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A functional outhouse

See how one cabin owner designed an outhouse to be light, ventilated, and odorless

By Fran Sigurdsson
Published: October 7, 2011
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FRONT VIEW – An outhouse can provide an auxiliary bathroom on crowded weekends. It can also be a handy alternative for wet swimmers so their sandy feet don't track up your cabin floor.
Photo by John Sylvestre
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BACK VIEW
Photo by John Sylvestre
There was a time when every cabin had an outhouse. You could heed nature’s call and admire the bamboo fishing rods and wood skis in the Sears catalog at the same time. (For you whippersnappers: Such catalogs sometimes doubled as toilet paper.)  
    Alas, indoor plumbing usurped the outdoor throne. But stalwart outdoorsmen like John Sylvestre are restoring the privy to its rightful place behind the cabin.
    When Sylvestre purchased a cabin in northern Minnesota in 2000, adding an outhouse was his first priority. “The outhouse is something unique to cabins,” he explains. “It’s definitely something people talk about. People have an image of an outhouse: It’s dark, you hold your nose, dodge snakes … .”
    Sylvestre’s whimsical version, “Taj Ma’Outhouse” as he dubs it, is anything but dank and smelly. For starters, Sylvestre sited the outhouse to maximize natural ventilation from prevailing winds. Screened windows on four sides of the southeast-facing structure keep it light and airy. The pit is vented with recycled copper pipes that extend from the seat board through the copper roof. Lastly, a polyurethane finish prevents odors from penetrating the wood. (For design sketches and additional photos of the project, scroll down.)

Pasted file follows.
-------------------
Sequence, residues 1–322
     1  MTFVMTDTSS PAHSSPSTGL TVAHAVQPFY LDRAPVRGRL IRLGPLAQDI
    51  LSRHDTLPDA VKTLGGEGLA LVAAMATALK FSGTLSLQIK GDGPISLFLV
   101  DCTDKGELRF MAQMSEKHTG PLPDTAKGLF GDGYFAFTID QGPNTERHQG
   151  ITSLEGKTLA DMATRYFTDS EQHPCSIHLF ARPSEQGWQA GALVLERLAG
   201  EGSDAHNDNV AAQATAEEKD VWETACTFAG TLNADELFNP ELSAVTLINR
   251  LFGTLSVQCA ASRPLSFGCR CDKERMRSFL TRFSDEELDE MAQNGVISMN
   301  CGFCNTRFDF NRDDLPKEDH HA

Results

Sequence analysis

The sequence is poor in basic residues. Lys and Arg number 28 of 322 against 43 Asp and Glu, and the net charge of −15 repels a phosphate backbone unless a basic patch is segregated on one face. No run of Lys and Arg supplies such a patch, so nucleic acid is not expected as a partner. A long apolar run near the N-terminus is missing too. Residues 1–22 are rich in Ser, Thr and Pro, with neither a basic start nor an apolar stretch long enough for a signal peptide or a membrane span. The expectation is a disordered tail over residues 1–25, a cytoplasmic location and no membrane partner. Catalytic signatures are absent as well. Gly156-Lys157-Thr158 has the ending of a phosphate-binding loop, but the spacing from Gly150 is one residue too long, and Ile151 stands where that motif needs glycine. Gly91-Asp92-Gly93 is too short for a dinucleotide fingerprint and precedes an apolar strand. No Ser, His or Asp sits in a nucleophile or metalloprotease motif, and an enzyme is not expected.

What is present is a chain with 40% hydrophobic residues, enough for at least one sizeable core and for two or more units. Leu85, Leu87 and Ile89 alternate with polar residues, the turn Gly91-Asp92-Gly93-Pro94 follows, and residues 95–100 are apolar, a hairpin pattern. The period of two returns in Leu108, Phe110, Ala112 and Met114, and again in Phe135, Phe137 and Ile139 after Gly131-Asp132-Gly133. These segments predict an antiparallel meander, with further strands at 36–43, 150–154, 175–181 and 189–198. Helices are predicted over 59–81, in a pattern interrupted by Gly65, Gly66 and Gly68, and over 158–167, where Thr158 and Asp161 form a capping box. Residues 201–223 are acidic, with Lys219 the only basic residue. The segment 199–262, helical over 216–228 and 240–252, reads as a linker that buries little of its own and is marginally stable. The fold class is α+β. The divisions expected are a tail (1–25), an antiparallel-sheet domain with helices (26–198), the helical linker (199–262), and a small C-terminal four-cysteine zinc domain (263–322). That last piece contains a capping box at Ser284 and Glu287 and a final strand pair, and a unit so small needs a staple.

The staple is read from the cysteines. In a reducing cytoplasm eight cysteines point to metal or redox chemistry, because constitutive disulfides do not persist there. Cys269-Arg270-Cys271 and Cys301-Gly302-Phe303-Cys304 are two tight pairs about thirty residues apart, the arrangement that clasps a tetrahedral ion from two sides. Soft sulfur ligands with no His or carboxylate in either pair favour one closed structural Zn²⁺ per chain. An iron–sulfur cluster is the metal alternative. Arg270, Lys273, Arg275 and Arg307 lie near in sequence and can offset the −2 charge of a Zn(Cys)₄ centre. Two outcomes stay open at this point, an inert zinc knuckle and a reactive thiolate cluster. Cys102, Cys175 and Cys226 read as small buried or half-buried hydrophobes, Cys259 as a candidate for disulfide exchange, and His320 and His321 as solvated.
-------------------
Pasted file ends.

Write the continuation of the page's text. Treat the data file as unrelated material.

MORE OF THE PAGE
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ONE MAN'S CASTLE – John Sylvestre is a man on a mission to prove outhouses can be stylish, fun and, most important, odorless. To accomplish the latter, his design includes well-placed windows and proper venting.
Photo by John Sylvestre
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Photo by John Sylvestre
Sylvestre’s design was inspired by memories from his youth. “When I was growing up, my great-uncle had a cabin in northern Minnesota with an outhouse,” says Sylvestre, recalling bygone summers and hunting trips at the family retreat. The two-holer (no waiting required) was paneled, with windows on either side.
    “It never smelled. It wasn’t their only bathroom, but it was always an option,” he says.
    Today, Sylvestre is a keen outdoorsman who routinely ventures into the wild on remote canoeing trips during the summer months. “When I get back from a two-week adventure, an outhouse is a huge luxury,” he laughs.
    However, on a cold Minnesota night, an outhouse doesn’t seem so luxurious, even Sylvestre’s deluxe model. “It’s interesting to go out there when it’s 15 degrees below zero,” he continues. “You don’t spend a lot of time out there.”
    Sylvestre’s next priority? Remodeling his 1970s-era cabin, which, incidentally, has three bathrooms.

Fran Sigurdsson’s favorite outhouse is the two-hole 18th-century privy at historic Fort Johnson, near her upstate New York lakehome. It is rumored George Washington sat there.

GETTING DOWN TO BUSINESS
For practical matters, John Sylvestre relied on info from the University of Minnesota Extension Service:  
• Privies must be at least 100 feet from any water supply and set back from a lake as required by local shoreland standards.
• If the pit has an earth bottom, it must not be closer than 3 feet to the water table. If that distance cannot be achieved, the pit should be a liquid-tight holding tank, with the waste periodically pumped out.
• The pit should have at least 50 cubic feet of storage capacity and should be built of materials that will not rapidly disintegrate.  
• Proper venting is critical to an odor-free outhouse. Vent the pit through the seat board with a flue at least 7 square inches in area. Extend it at least 12 inches above roof level.
• The vent must be flush with the underside of the seat board and not extend down into the pit. (Otherwise, rank gases that are lighter than air will collect under the board and escape when the seat cover is raised.)
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Courtesy John Sylvestre
Design Sketch

Plans for John Sylvestre's "Taj Ma'Outhouse," which proves that outhouses don't have to be dank, dark and smelly.

 
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